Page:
Sandusky Faces up to 460 Years in Prison; Other Penn State Links

Here are more articles to help you keep-up with all of the Penn State news. The orange, bold font is clickable.              

Jerry Sandusky Faces up to 460 Years in Prison:
Sandusky is reportedly facing up to 460 years in prison for forty criminal charges, including six first-degree counts of deviated sexual intercourse, spanning fourteen-years.

Former Penn State Players Donating Money to Sandusky’s Defense:
Just when we thought no one was on Sandusky’s side …

Sam Stellatella, a three-position player in the 1950s, has donated money to Sandusky’s defense and urged other former players to do the same.

“I told him he’s going to need a million dollars to defend himself,” the 73-year-old Stellatella said. “He called me back and said, ‘What am I going to do with this money?’ I said, ‘Use it for your lawyer because you’re going to need it.’ ”

Stellatella sent Sandusky $100. He wrote personal letters to other members of the 1959 Liberty Bowl team that defeated a Bear Bryant-coached Alabama team and asked they also donate. He does not know how much money was raised.

“I know some of the guys sent money,” Stellatella told The Associated Press. “Here’s the thing, these are horrendous charges against him. But he’s still entitled to his day in court. Everybody’s prejudged him. He’s done horrendous damage to Paterno and (athletic director Tim) Curley and the football program. I don’t listen to the news and I don’t read the reports of what he did because I would get too upset.

“But he’s still entitled to his day in court.”

There you go, Sandusky. You just got a one-hundred dollar bill from a former player who has no idea of the specific actions that you did to those innocent boys. Make sure you spend it before you go to prison for the rest of your life.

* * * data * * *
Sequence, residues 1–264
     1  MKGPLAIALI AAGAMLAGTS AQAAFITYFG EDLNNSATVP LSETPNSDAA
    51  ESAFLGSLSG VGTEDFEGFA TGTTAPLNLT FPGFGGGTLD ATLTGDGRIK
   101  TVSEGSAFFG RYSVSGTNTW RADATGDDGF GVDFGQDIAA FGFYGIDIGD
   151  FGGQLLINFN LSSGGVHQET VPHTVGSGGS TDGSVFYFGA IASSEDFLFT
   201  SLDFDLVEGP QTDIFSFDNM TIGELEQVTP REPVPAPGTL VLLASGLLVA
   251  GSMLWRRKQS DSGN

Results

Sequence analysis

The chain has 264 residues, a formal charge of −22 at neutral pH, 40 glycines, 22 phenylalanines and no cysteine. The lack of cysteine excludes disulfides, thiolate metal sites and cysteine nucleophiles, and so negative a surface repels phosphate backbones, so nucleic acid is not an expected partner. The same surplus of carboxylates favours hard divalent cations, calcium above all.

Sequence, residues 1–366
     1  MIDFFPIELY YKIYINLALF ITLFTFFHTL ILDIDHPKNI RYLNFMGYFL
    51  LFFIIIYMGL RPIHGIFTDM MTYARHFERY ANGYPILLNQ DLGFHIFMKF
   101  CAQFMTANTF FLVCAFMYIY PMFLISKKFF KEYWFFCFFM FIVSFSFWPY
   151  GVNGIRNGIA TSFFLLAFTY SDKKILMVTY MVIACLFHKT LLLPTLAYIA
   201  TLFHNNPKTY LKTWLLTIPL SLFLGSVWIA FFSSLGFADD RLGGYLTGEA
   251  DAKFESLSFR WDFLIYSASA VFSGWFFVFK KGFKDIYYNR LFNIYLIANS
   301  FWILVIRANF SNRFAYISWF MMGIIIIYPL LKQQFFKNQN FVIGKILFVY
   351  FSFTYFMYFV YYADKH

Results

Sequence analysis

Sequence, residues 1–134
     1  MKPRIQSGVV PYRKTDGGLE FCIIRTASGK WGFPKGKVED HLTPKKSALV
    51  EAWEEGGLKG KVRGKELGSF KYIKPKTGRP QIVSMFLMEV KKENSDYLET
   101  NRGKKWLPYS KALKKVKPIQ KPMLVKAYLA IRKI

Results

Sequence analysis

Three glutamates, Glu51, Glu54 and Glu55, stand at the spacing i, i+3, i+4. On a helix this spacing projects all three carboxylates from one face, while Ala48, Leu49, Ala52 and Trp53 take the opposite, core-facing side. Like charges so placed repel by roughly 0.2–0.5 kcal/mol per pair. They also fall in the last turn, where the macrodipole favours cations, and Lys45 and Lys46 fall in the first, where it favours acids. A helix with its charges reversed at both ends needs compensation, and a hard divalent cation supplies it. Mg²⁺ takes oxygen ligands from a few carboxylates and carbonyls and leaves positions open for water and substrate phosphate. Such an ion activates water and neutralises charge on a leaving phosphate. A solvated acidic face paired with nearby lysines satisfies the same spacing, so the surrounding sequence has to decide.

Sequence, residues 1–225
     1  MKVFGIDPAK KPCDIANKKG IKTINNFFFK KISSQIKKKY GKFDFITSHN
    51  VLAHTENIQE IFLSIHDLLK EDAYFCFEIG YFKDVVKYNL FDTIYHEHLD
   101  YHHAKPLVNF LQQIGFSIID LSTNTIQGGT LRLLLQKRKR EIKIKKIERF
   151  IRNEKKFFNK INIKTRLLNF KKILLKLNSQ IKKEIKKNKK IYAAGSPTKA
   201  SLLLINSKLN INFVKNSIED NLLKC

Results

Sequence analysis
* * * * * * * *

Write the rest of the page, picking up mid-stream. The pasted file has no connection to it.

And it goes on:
The fact that not just one, but many former players have given this man money is stunning.

Assistant Who Saw Sandusky and Boy in Shower WILL NOT Coach Saturday:
The initial report was that Mike McQueary, the assistant coach who witnessed Jerry Sandusky raping a young boy in the locker room shower was still going to coach this Saturday against Nebraska. However, the board of trustees — the same ones who called for the firing of Joe Paterno — decided that McQueary will not coach because of multiple death threats:

Penn State issued a release late Thursday expressing concern for the former quarterback’s safety: “Due to multiple threats made against assistant coach Mike McQueary, the university has decided it would be in the best interest of all for assistant coach McQueary not to be in attendance at Saturday’s Nebraska game.”

McQueary Protected Under Pennsylvania’s “Whistleblower Law?”:
The Whistleblower law, according to the Pennsylvania legislature, “[provides] protection for employees who report a violation or suspected violation of State, local or Federal law.”

Therefore, whether you agree or not, legally, Mike McQueary keeps his job as an assistant coach at Penn State.

So, why doesn’t the Whistleblower Law protect Joe Pa?: